Saturday: Pinder does indeed have a torn UCL, reports Brendan Kuty. Yuck. Pinder has not yet decided whether to have Tommy John surgery, but yeah. Pretty much a formality at this point. Sucks.
Friday: The Yankees have placed right-hander Branden Pinder on the 15-day DL with a right elbow strain, the team announced. The move is retroactive to yesterday. Fellow righty Nick Goody was called up from Triple-A Scranton to fill the roster spot.
Pinder, 27, was the team’s main shuttle reliever last season and he figured to fill the same role this year. He’s appeared in one game with the Yankees so far, allowing two runs on three hits and a walk in one inning. Pinder started the season in Triple-A before being called up a last week.
The Yankees lost Nick Rumbelow to Tommy John surgery not too long ago, so they’re now down two of their main shuttle arms. A strain is, by definition, a tear in the ligament, though the Yankees did not say anything about the severity of Pinder’s injury. He may only need rest before returning to the mound.
Goody, 24, has been alarmingly home run prone in game action this year. Between Triple-A and Spring Training, he’s given up eight dingers in only 16.1 innings. Zoinks. Goody last pitched for the RailRiders on Wednesday, so he’s good to go tonight for an inning or two.
I wonder if the Goody call-up is only temporary. Luis Cessa, who was in the Opening Day bullpen, started and threw 57 pitches for Triple-A Scranton yesterday, so he’ll be out of commission for a few days. I wonder if the Yankees will call-up Cessa and send down Goody once he’s available. We’ll see.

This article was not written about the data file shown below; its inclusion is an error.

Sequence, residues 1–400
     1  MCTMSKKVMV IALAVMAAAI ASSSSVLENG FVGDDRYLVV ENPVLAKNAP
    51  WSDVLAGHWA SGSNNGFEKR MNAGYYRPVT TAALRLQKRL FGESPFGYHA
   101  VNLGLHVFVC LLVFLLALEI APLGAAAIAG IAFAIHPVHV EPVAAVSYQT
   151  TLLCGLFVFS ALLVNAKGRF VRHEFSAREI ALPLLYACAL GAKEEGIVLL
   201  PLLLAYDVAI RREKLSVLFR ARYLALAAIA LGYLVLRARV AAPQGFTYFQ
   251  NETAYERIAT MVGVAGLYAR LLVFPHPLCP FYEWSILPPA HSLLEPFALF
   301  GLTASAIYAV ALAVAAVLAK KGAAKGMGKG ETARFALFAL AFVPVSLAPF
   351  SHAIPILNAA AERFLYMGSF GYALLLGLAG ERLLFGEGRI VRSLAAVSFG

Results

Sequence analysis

The steal of home that turned the season around! The offense finally snapped out of its funk Friday night, as Brian McCann and Jacoby Ellsbury led the Yankees to a 6-3 win over the Rays in the series opener. After losing seven of their last eight, the Yankees have won one of their last one. Feels good. Love this team, you guys.
I unfortunately did not see much of this game at all. I saw the last two outs of the ninth inning. That’s about it. I did catch most of the game on the radio though, which was better than nothing. Figures the offense would break out and the Yankees would put together their best win of the season (to date!) on the night I couldn’t watch. So it goes. Here are some thoughts on what I heard but did not see:
1. Ivan Nova is the unsung hero. He came out of the bullpen with two on and two outs in the fifth inning — a wholly unfamiliar experience for the career starter — and he was able to escape the jam, then toss in two more scoreless innings. Nova gave the Yankees a chance to stay in the game. He was huge. Well done, Ivan.
2. Ellsbury picked a good time for his Signature Yankee Moment™, I’d say. The Yankees were dangerously close to stranding two more runners in scoring position when he made that mad dash for home. Here’s the play: